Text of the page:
Why independent Russian journalism and the BBC World Service matter more now than ever before
The Head of the BBC News Russian Jenny Norton on her ‘nerve shredding’ weeks as Kremlin clamped down over the Ukraine war.
By Jenny Norton.
After an office clear-out at the end of last summer, two framed letters to the BBC were left on my desk in the Russian service. One was from Boris Yeltsin and the other from Mikhail Gorbachev.
Yeltsin had written in 1992 to congratulate the BBC World Service on its 60th anniversary, and Gorbachev nearly two decades later to defend the Russian service from funding cuts.
Both conveyed the same message. The BBC had been a vital source of information during the dark days of the Cold War, and it continued to be an important voice for the generation now trying to build a democratic Russia.
“Russia has chosen a new life for herself,” Yeltsin wrote. “She has chosen openness, instead of the Iron Curtain… She has chosen democracy which has defeated totalitarianism.”
Thirty years later, and at that time seven months into the invasion of Ukraine, it was an achingly poignant message to read. But as our teams adjusted to the grim new realities of Putin’s war, it was also an important reminder of the power of the BBC World Service, and of why Russian-speaking audiences need us now more than ever.
By the beginning of 2022, the BBC had nearly 60 Russian journalists working in our bureau in Moscow. Young, talented, full of ideas and full of life, they had helped transform BBC Russian from a 20th-century shortwave radio broadcaster, to a 21st-century multi-media operation.
We were reaching around 4 million people per week, we had a million followers on Twitter, over a million subscribers on YouTube, and our podcasts were beginning to attract growing audiences on both Russian and international download platforms.
Our journalists travelled across Russia reporting on real life in a country that was becoming ever more repressive and corrupt. Our stories catalogued small-town murders and big-city corruption, the dark net, drugs, rappers and censorship. All against a relentless drumbeat of arrests, beatings and prison sentences for anyone who dared to speak out. In our team’s shared drive we had a “Citations” folder, where we posted stories from Russian media outlets who had quoted BBC Russian. There were new entries every day.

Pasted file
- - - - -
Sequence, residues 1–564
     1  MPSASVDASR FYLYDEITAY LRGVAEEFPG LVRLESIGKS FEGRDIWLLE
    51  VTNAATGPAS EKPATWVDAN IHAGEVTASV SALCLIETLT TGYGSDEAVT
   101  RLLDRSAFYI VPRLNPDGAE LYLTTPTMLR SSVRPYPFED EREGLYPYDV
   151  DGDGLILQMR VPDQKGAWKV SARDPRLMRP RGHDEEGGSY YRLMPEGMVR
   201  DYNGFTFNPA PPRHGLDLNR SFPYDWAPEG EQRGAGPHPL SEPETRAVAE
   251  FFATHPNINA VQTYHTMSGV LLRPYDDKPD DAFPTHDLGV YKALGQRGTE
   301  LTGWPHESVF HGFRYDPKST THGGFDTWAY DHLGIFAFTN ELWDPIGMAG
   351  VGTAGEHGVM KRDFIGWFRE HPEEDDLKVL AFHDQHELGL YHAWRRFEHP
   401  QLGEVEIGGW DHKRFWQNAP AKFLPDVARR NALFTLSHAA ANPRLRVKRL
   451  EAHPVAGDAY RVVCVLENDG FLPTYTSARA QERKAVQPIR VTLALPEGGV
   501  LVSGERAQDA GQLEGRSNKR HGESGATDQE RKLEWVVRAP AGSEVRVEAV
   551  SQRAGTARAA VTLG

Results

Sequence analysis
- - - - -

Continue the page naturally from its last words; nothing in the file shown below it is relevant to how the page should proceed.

And then Russia invaded Ukraine, and everything changed.
Overnight, Moscow was plunged into fear and panic. There were rumours of arrests and mass mobilisation. Thousands of people fled the country, among them many of Russia’s brightest and best.
Our audience numbers shot up to 17 million in the first week of the war. Such was the demand for news. But in early March the authorities announced a draconian new law in carrying strict penalties for anyone spreading “fake” news about the “special military operation” in Ukraine. It even outlawed the use of the word “war”.
It was clear that it was no longer safe for BBC staff, who were Russian nationals, to continue doing their jobs inside Russia.
So BBC Russian closed for business in Moscow, and we decamped to Latvia.
It was a big undertaking. Nerve-shredding weeks of passport and visa applications, late-night phone calls, tearful partings, and myriad plane, train and bus journeys as our team, their families, and their cats and dogs, left Russia and finally reassembled in Riga.
For everyone at BBC Russian, life has changed profoundly.
People have had to reinvent their lives and the way they do their journalism, and to come to terms with painful new realities.
It’s hard to lose your home, and not to know when it will be safe to return. It’s hard to be separated from friends and family who had to stay behind.
But as many of our Russian staff acknowledge, it feels absolutely wrong to complain about your problems when it’s your country inflicting pain and suffering on Ukrainians. And when it’s your own colleagues in Ukraine whose lives are being so brutally ripped apart.
“It’s not a good time to be Russian,” as one of my colleagues observed.
But it’s a hugely important time to be an independent Russian journalist.